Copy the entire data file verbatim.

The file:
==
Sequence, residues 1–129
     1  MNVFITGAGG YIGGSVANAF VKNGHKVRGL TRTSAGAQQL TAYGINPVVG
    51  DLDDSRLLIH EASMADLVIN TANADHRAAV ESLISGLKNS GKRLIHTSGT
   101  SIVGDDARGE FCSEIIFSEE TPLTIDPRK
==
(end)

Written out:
Sequence, residues 1–129
     1  MNVFITGAGG YIGGSVANAF VKNGHKVRGL TRTSAGAQQL TAYGINPVVG
    51  DLDDSRLLIH EASMADLVIN TANADHRAAV ESLISGLKNS GKRLIHTSGT
   101  SIVGDDARGE FCSEIIFSEE TPLTIDPRK